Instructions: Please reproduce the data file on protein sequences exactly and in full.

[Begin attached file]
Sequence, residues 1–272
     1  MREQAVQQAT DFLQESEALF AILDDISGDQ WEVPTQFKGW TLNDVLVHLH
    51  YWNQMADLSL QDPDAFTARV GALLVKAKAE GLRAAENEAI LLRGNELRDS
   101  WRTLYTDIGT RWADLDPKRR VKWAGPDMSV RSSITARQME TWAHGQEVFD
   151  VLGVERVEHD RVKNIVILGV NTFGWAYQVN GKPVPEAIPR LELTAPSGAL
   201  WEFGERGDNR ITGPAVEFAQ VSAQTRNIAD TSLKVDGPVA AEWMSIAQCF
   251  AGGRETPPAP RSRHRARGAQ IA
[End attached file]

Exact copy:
Sequence, residues 1–272
     1  MREQAVQQAT DFLQESEALF AILDDISGDQ WEVPTQFKGW TLNDVLVHLH
    51  YWNQMADLSL QDPDAFTARV GALLVKAKAE GLRAAENEAI LLRGNELRDS
   101  WRTLYTDIGT RWADLDPKRR VKWAGPDMSV RSSITARQME TWAHGQEVFD
   151  VLGVERVEHD RVKNIVILGV NTFGWAYQVN GKPVPEAIPR LELTAPSGAL
   201  WEFGERGDNR ITGPAVEFAQ VSAQTRNIAD TSLKVDGPVA AEWMSIAQCF
   251  AGGRETPPAP RSRHRARGAQ IA